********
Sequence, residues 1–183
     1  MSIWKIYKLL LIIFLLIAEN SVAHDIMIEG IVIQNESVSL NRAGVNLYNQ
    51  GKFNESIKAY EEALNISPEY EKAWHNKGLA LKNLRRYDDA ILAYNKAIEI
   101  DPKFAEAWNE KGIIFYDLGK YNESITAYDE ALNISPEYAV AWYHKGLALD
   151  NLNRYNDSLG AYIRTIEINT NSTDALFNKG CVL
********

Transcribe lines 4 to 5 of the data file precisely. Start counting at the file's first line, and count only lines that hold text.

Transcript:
   101  DPKFAEAWNE KGIIFYDLGK YNESITAYDE ALNISPEYAV AWYHKGLALD
   151  NLNRYNDSLG AYIRTIEINT NSTDALFNKG CVL